Many theorists have tackled the complex issues surrounding the concepts of context, of authenticity, and of consumption, which some utilising examples of musical genres such as blues or rock and roll to emphasise their arguments. This paper will provide a glimpse into the post-Soviet landscape, and into the opportunities reggae music provides for disillusioned Russian-speaking youth, regardless of whether they subscribe to the mainstream or underground strands of the genre.




A thorough understanding of both the post-Soviet space and the Jamaican context is required before approaching a topic which studies their cultural exchange and appropriation. As reggae came through diluted channels into the Soviet Union, it is first crucial to establish the environment which provided the opportunity for reggae to develop within Russian-speaking musical communities.

Rock music proved to be the precursor to many subcultures which later formed on the basis of musical taste, and was itself appropriated, both into white popular cultural from its African American origins, and into the underground culture of the Soviet Union from the popular music of America and of the United Kingdom. It is through Soviet rock music that the appropriation process occurring in Russian culture is perhaps most visible. After the initial introduction of rock, it can be argued that, behind the Iron Curtain, it developed quite independently from Western influence. As explain Ramet et al., “when rock music first sprouted in Soviet soil in the mid-1960s, it was largely imitative of Western rock…but rock music provided the essential underpinning for an emergent youth counterculture that has become stronger and much more heterogeneous over the years” (1994). Polly McMichael adds that “Soviet rock songwriters were deeply concerned with the difficulties involved in adapting rock music – a form they perceived to be ‘foreign’ in its very essence – to the demands of their own culture” (2008). This adaptation, however, is necessary in order to make a musical genre appealing for a localised audience, and “Western technoculture is not simply a culturally dominating or homogenising force…rather, it is almost always being actively manipulated by local cultures and rearticulated for new uses within these other cultural spaces” (Berry & Miller-Pogacar, 1995).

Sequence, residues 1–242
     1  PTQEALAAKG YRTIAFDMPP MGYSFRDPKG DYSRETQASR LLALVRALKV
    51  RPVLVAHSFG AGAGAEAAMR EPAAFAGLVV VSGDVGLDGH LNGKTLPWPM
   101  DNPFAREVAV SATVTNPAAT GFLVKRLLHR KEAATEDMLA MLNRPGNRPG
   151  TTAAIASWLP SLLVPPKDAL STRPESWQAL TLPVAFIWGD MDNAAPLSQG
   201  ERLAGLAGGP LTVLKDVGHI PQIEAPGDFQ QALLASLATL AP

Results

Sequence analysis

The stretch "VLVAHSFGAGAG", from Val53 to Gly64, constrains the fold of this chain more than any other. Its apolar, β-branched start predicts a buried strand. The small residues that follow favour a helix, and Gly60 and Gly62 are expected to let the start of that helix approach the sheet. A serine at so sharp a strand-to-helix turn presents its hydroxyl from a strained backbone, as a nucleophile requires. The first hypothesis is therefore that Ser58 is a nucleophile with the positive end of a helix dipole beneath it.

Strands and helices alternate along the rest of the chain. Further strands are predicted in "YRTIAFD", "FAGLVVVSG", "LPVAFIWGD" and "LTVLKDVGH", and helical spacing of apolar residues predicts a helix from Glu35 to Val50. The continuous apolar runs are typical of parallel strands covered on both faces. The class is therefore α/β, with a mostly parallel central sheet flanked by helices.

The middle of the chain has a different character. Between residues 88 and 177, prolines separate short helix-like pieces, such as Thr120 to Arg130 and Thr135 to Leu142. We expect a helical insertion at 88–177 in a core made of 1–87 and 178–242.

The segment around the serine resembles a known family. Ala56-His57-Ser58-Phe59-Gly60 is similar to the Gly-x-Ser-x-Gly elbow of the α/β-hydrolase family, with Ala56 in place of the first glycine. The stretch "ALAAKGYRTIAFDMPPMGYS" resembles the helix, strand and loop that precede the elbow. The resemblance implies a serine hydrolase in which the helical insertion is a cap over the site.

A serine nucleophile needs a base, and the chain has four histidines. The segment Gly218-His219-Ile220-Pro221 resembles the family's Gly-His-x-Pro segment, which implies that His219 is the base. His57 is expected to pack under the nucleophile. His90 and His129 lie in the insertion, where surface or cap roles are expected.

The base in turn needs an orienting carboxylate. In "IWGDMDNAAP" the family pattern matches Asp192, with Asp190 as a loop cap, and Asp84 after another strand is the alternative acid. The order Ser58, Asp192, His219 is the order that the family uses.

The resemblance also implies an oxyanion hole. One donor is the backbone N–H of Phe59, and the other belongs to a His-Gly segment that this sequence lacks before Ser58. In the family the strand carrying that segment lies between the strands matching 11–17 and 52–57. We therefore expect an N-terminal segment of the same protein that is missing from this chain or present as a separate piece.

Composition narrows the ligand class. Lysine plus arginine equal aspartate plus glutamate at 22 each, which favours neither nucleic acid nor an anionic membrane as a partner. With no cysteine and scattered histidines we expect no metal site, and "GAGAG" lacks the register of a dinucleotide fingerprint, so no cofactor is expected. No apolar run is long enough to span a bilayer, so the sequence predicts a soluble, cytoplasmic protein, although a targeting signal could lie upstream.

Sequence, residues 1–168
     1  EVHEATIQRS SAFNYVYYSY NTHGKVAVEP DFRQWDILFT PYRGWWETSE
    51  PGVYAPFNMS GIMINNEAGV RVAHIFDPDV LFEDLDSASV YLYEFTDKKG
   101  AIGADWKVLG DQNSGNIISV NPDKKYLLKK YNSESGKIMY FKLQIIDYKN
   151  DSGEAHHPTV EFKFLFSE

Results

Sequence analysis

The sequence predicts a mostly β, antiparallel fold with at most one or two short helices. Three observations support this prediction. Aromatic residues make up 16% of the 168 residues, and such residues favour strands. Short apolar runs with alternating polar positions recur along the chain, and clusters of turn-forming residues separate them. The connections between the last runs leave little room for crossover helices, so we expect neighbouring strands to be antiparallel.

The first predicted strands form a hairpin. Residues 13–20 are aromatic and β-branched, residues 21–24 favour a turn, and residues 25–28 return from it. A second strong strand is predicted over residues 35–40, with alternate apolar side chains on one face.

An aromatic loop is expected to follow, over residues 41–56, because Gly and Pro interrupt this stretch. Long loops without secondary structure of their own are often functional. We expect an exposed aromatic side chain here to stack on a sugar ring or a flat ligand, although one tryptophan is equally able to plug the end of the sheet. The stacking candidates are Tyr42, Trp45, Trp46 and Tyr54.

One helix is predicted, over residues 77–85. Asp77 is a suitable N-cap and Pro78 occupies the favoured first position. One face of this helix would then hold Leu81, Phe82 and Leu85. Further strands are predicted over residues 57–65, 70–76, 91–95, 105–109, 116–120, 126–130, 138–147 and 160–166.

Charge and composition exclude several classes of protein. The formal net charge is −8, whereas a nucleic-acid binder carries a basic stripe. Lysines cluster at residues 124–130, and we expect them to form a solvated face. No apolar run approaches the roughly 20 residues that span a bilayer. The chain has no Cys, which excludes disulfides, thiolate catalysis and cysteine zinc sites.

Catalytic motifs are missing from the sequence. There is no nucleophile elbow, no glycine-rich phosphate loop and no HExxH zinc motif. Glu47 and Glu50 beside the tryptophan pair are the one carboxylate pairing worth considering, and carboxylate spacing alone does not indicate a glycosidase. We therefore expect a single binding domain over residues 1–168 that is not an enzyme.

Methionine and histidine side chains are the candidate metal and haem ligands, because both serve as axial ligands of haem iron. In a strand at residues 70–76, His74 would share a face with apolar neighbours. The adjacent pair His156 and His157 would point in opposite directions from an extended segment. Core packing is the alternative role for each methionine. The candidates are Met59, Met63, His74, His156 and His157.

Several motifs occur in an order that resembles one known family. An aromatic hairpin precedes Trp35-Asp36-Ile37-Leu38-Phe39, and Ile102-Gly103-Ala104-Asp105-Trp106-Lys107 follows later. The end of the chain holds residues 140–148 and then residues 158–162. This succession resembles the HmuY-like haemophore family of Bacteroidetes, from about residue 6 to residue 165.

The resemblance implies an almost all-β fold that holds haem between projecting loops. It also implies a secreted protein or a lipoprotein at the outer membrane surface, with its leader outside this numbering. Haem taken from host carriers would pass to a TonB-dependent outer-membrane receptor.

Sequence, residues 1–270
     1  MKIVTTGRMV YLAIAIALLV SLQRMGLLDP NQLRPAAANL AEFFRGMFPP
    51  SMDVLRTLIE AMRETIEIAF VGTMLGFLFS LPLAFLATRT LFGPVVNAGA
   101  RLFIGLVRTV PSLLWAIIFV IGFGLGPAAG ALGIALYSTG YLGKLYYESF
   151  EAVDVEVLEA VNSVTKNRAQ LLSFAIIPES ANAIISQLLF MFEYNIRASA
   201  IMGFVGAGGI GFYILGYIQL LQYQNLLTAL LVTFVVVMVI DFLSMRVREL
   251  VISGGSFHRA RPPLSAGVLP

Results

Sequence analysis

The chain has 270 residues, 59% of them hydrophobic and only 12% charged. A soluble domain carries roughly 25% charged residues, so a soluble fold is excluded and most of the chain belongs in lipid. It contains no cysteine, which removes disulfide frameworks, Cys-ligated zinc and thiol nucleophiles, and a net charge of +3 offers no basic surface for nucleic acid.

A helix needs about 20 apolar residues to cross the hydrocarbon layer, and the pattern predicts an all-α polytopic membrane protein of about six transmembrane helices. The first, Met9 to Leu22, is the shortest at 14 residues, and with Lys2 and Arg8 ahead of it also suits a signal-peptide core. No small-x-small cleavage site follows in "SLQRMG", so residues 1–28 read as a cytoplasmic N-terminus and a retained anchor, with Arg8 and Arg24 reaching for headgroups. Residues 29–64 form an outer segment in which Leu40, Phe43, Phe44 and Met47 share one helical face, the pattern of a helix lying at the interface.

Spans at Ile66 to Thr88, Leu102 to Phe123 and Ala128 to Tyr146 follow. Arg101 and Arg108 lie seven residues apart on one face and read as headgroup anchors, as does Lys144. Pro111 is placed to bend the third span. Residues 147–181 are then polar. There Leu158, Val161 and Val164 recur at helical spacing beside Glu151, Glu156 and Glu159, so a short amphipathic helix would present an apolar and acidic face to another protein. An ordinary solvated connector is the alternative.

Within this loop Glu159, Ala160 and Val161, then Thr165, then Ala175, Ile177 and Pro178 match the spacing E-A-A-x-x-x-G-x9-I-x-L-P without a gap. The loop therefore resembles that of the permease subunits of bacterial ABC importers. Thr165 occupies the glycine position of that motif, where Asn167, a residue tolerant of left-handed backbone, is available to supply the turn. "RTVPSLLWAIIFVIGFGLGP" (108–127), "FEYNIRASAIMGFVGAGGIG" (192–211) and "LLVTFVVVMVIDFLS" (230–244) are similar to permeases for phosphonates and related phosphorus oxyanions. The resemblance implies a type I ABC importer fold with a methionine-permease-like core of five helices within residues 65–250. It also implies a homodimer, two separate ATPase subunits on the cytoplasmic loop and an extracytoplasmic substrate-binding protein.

Though Russian-language rock music grew to overshadow the popularity of its American and British influences (in the Russian-speaking cultural sphere), it still borrowed greatly from its Western rock counterpart. Indeed, through Western rock, subgenres of rock were introduced – jazz rock, blues rock, reggae-infused rock all followed.

The context in which reggae initially arose is crucial for the understanding its inherent traits, particularly when utilised in its original form – that of protest music. Because reggae songs were largely political and vocalised protest to the government in Jamaica, it would initially appear that there wasn’t much of a market for them outside of Jamaica’s borders. However, as argue Stephen A. King et al. in Reggae, Rastafari, and the Rhetoric of Social Control, “U.S. record companies successfully marketed reggae as a new ‘rebel music’ in hopes that it would appeal to white American college students and European youth” (2002). The success of marketing spread Jamaican reggae globally, with reggae groups being formed all over the world. A certain set of stereotypes became associated with reggae, and both foreign as well as local Jamaican groups exploited them to attain a presumed authenticity. Due to the popularisation of reggae and the Western rock groups which incorporated reggae into their sound, the genre reached Russian-speaking countries, already laden with associations and stereotypes, which nonetheless assisted in the construction of a recognisable subculture.